• Boeing Airlift and Tanker Programs (A&T), which employs 8,700 at eight U.S. locations, designs, develops, and produces C-17s, military airlift aircraft used by the U.S. Air Force. Winner of the 1998 Malcolm Baldrige National Quality Award, A&T improved overall performance on key quality measures by 50 percent from 1994 to 1998. Over the same span, A&T cut cycle time by more than 80 percent and improved efficiency by more than 70 percent.

NTIS Budget Highlights

Summary and Justification
The National Technical Information Service (NTIS) was established in the aftermath of World War II to make available to industry much of the formerly classified research performed throughout the country in support of the war effort as well as captured enemy research. In 1950, the Secretary of Commerce was given the statutory mission to collect and organize scientific, technical, and engineering information "from whatever sources, foreign or domestic, that may be available" and to "make it more readily available to industry and business, and to the general public." Over the course of its 50-year history, NTIS has amassed a collection of more than 3 million items, including the most comprehensive collection of federal research results.

Consistent with its mission, NTIS seeks out, organizes, stores for all time, and makes accessible virtually all federally financed scientific, technical, and engineering reports and complementary material from foreign and other sources. Unlike a commercial enterprise, which would preserve only that material having a significant, immediate commercial value, NTIS preserves material based on its potential use to U.S. industry and business. This ensures public availability to an accessible, convenient central source of information from a variety of sources, as well as a permanent record of the government's massive investment in research and development since the end of World War II.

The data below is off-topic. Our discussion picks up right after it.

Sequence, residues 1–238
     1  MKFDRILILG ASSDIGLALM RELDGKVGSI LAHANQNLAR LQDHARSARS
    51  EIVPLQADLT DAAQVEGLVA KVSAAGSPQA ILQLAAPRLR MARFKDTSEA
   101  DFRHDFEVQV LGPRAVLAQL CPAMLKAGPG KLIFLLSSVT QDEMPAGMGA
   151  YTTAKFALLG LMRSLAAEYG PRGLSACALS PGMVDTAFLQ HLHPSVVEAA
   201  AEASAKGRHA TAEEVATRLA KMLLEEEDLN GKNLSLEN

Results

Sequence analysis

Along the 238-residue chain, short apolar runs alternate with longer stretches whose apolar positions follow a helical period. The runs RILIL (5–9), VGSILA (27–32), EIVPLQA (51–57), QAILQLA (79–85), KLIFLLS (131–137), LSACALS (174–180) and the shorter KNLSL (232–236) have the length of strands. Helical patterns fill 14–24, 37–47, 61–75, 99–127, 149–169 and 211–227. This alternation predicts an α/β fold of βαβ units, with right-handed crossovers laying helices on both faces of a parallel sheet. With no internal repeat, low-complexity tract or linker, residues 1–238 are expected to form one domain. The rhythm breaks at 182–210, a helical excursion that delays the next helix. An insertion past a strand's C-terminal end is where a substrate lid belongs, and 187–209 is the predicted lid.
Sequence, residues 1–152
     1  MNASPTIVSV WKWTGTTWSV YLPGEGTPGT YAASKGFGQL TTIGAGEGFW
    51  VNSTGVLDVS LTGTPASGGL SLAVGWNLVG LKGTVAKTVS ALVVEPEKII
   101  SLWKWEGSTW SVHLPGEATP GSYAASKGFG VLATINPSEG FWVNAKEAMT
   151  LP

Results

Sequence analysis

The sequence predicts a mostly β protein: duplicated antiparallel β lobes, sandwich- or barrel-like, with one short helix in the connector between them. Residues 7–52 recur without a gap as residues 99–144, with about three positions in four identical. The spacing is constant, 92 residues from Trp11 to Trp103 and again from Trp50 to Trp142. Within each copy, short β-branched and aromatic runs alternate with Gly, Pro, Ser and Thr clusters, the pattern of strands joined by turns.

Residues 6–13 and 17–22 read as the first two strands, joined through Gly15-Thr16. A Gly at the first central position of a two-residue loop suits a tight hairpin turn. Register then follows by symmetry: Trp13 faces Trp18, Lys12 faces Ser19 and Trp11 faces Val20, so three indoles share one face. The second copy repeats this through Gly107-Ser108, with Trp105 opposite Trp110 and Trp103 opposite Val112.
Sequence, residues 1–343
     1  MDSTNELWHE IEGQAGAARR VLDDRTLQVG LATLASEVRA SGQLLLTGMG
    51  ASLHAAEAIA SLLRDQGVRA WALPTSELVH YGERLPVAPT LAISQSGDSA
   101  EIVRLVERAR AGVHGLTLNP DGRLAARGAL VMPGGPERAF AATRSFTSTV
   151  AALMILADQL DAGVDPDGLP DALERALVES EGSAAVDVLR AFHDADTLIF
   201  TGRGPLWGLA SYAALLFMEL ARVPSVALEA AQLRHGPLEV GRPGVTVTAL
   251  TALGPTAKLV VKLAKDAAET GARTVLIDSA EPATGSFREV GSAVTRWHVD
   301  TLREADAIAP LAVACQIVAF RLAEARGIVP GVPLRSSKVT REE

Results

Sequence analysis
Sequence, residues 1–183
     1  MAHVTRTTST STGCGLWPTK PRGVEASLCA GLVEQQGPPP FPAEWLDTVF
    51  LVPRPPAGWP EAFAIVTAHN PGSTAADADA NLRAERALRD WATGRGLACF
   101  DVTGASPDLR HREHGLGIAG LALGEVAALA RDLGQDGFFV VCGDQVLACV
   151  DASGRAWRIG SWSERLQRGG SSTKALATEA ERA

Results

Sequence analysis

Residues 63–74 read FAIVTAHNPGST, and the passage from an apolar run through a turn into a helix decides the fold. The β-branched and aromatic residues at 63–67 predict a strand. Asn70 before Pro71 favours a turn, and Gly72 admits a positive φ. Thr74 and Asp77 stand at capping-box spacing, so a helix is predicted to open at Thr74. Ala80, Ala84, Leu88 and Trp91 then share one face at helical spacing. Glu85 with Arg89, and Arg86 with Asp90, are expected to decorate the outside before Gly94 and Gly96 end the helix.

For many years, NTIS has covered costs through fees for its products and services. However, changes in the information industry have resulted in declining revenues. Because the organization and preservation of this knowledge will benefit generations of future researchers as well as current customers, the proposed FY 2000 budget includes a request for $2 million to partially fund NTIS' activities to organize and preserve the 70,000 technical information items it adds to its permanent clearinghouse each year. The remainder of these $6 million activities, as well as all of NTIS' other costs, will continue to be supported through fees for products and services.

The funding will help to ensure that NTIS will continue to function as a true clearinghouse and, as such, preserve information for future researchers.

Created September 1, 2009, Updated August 23, 2018